Cytonic acid A                                           Cytonic acid B


Natural product: Cytonic acid A and B
Endophytic fungus: Cytonaema sp.
Host plant: Quercus sp.
Biological activity: Antiviral (Human cytomegalovirus (hCMV))
Reference: Bingying Guo. Cytonic A and B: Novel Tridepside Inhibitors of hCMV Protease from the Endophytic Fungus Cytonaema Species. J. Nat. Prod. 2000, 63, 602-604.

Antiviral Agent

Taxol

Taxol


Natural product: Taxol
Endophytic fungus: Taxomyces andreanae
Host plant: Taxus brevifolia
Biological activity: Anticancer
Reference: Suffness, M., Ed. Taxol: Science and Applications ; CRC Press: Boca Raton , Fl, 1995.


Our present research activities on Bioactive metabolites and endophytic fungi



1. Optimization of zofimarin production by an endophytic fungus ACRA L38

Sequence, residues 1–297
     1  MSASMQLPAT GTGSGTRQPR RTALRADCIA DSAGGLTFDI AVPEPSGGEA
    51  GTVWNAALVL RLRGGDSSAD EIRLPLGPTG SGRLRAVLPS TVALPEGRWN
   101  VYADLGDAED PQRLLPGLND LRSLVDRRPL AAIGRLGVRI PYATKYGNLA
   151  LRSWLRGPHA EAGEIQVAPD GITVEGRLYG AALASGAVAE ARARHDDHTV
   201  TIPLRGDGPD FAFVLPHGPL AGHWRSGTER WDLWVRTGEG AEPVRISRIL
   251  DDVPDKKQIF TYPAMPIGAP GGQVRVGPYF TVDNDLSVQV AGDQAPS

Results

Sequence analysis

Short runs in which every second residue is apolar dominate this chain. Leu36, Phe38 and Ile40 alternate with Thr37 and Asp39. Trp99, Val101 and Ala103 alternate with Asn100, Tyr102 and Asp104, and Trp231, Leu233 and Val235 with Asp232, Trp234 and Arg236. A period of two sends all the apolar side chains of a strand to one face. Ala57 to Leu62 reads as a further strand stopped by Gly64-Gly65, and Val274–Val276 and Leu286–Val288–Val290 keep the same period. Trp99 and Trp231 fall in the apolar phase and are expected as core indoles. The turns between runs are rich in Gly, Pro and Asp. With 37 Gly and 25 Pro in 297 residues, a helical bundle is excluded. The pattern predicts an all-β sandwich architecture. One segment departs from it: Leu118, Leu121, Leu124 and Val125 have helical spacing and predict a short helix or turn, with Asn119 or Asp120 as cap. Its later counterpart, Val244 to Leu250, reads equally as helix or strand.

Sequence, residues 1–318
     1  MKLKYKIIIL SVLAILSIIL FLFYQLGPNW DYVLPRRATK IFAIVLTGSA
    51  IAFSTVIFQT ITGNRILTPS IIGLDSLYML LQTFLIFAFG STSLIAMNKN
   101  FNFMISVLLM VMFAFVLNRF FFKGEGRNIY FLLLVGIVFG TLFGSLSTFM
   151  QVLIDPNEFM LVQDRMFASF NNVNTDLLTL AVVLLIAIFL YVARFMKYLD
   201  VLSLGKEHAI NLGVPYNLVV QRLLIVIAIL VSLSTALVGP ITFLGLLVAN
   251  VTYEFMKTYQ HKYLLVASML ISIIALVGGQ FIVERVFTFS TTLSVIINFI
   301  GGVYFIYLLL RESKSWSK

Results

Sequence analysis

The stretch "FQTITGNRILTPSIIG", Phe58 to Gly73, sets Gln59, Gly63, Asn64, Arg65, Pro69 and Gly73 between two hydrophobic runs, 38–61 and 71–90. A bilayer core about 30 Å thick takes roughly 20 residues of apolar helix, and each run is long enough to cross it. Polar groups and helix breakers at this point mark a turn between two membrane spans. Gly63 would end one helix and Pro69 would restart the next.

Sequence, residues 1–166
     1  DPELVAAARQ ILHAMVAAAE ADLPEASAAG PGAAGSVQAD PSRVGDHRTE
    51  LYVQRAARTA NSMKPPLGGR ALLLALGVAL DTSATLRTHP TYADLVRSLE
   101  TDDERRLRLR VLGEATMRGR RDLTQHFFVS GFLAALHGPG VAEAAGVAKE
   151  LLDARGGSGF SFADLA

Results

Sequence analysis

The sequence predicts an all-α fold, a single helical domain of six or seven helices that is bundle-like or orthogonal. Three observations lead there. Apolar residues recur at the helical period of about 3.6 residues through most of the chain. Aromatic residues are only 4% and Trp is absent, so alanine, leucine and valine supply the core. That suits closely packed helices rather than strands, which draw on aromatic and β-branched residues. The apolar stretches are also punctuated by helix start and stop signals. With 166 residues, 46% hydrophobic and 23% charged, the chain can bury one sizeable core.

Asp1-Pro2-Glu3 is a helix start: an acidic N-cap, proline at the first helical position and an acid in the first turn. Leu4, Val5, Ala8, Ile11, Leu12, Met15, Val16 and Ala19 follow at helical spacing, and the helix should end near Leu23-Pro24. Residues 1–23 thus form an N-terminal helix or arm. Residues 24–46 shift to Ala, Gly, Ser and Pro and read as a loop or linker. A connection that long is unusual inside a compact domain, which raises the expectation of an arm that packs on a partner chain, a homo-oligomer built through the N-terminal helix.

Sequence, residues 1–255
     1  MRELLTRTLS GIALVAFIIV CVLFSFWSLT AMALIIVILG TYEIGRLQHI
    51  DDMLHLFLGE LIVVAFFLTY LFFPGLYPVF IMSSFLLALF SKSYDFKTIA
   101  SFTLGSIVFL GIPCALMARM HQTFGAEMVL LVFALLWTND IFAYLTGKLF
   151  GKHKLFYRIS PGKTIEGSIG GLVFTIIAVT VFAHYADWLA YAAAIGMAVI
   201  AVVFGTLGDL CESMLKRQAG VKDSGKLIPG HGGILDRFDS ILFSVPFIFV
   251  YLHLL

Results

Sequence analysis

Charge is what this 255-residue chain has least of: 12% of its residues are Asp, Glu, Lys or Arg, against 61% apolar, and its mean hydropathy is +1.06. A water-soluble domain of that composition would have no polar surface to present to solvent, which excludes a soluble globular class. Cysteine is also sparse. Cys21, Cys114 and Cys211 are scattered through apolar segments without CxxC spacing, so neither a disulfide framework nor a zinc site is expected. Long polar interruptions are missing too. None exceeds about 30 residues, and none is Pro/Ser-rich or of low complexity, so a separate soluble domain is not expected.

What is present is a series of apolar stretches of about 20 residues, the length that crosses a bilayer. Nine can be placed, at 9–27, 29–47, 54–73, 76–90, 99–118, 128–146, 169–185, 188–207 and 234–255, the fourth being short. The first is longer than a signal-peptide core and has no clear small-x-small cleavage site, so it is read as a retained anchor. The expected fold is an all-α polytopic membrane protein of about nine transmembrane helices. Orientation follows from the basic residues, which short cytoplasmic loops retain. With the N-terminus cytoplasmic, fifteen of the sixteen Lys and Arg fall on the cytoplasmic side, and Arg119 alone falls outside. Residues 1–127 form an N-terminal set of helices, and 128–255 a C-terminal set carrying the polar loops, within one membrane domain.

Aquilaria crassna or Eagle wood as its common name is a standing timber of Southeast Asia and Australia . It is recognized as an aroma plant because it pleasant aroma given from its essential oils. The oils are useful in aroma treatment making people feel fresh. Sientific studies show that the trees harbour a number of endophytic fungi which can be isolated from various parts of the plants. The part most often found harbouring the endophytes is the leaf. Of those, one endophytic fungus was isolated from a leaf of the tree and was named ACRA L38. The fungus was found to produce zofimarin that possessed activity and had chemical structure similar to that of sordarin, a secondary metabolite produced by Sodaria aregenosa. Since very little is known about zofimarin, various studies to discover the properties of zofimarin use a similar approach previously done with sordarin.